The Biden administration is pulling out all the stops to appease young voters ahead of a pivotal 2024 election.
The U.S. Department of Education (DOE) has given the green light to a student loan forgiveness initiative amounting to $72 million, intended to alleviate the financial burden of students who fell victim to fraudulent practices by an online educational institution.
This loan forgiveness program targets more than 2,300 students who were enrolled at Ashford University, a former online for-profit school situated in San Diego, California.
According to a press release issued on August 30, the initiative operates under the long-standing “borrower defense” student aid scheme. This program enables individuals who were deceived by for-profit colleges to seek forgiveness for their student loans.
The decision to implement this loan forgiveness followed a thorough assessment by the DOE, which analyzed evidence presented by the California Department of Justice (DOJ) during its successful legal action against Ashford and its parent company, Zovio, in 2017.
The lawsuit leveled allegations against Ashford, asserting that the institution employed deceptive tactics to misguide students. A court ruling on March 3, 2022, ruled in favor of the California DOJ, finding Ashford responsible for making over 1.2 million misleading statements across the country to prospective students.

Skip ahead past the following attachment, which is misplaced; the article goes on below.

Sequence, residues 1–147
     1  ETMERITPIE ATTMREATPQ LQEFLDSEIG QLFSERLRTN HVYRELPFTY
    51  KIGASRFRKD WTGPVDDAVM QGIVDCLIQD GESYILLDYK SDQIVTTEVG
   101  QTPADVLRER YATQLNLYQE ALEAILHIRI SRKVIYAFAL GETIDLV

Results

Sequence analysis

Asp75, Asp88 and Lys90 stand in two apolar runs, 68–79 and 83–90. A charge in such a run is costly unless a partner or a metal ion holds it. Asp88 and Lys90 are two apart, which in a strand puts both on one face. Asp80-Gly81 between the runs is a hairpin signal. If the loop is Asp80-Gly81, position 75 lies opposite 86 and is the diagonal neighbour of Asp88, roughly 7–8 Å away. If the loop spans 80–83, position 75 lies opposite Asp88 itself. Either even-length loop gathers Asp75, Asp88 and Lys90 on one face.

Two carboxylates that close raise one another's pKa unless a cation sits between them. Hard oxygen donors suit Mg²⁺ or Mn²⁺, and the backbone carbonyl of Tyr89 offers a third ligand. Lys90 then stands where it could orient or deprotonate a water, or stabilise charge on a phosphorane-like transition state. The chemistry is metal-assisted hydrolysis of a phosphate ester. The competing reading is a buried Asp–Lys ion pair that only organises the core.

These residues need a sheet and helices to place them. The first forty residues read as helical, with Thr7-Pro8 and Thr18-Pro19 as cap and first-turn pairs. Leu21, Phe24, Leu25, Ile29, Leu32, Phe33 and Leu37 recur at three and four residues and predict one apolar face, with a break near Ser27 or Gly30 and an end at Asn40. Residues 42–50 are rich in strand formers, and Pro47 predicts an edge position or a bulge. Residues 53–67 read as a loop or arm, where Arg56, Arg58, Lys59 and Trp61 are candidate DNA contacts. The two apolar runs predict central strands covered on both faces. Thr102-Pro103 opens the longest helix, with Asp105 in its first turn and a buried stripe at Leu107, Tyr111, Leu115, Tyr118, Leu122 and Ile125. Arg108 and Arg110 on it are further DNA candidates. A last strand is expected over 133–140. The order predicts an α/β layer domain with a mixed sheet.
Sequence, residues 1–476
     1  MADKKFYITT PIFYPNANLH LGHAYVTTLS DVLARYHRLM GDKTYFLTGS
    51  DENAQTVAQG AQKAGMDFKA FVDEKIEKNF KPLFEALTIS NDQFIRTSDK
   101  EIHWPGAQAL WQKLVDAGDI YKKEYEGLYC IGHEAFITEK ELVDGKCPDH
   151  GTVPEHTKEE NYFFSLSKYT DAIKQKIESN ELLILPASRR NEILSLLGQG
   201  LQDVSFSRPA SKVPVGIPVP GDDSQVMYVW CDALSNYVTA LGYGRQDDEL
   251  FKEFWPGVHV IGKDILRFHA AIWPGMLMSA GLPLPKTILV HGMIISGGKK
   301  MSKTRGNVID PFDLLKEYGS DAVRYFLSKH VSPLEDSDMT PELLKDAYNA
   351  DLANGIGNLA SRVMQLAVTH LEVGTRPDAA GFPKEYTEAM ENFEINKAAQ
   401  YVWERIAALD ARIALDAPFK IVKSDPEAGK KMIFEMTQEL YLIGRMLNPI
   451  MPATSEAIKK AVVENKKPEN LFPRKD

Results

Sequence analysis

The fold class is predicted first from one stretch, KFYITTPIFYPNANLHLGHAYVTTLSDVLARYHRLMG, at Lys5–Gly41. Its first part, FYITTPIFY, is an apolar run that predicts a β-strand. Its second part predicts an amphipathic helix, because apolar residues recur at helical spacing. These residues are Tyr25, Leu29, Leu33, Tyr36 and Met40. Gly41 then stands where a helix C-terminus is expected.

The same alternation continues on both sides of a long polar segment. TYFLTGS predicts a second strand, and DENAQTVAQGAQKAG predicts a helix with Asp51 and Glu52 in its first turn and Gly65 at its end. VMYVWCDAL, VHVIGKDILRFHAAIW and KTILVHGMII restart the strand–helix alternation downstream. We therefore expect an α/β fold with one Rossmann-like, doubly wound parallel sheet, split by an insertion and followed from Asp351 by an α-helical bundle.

After carefully examining the case, the DOE sanctioned loan forgiveness for students who attended Ashford and sought relief through the borrower defense program. The relief applies to borrowers who enrolled at Ashford between March 1, 2009, and April 30, 2020.
“As the California Department of Justice proved in court, Ashford relied extensively on high-pressure and deceptive recruiting tactics to lure students,” said U.S. Under Secretary of Education James Kvaal.
“Today we are protecting the students who were cheated by Ashford, and we will also hold the perpetrators accountable, protect taxpayers, and deter future wrongdoing.”
The announcement of the $72 million forgiveness initiative has surfaced shortly after a group of Democrats penned a letter to President Biden, urging him to continuously explore avenues to exercise his authority in reducing student debt. This plea comes in the wake of the Supreme Court’s recent ruling that blocked the government from enacting an expansive scheme for forgiving student debt.
Merely a few weeks prior, on June 30, the Supreme Court (SCOTUS) invalidated the Biden administration’s proposal to cancel up to $20,000 in loan principal for the 40 million student borrowers.
The Congressional Budget Office (CBO) had projected the cost of this forgiveness plan to be around $400 billion. However, estimations from the Wharton School surpassed this figure, indicating a potential cost exceeding $1 trillion.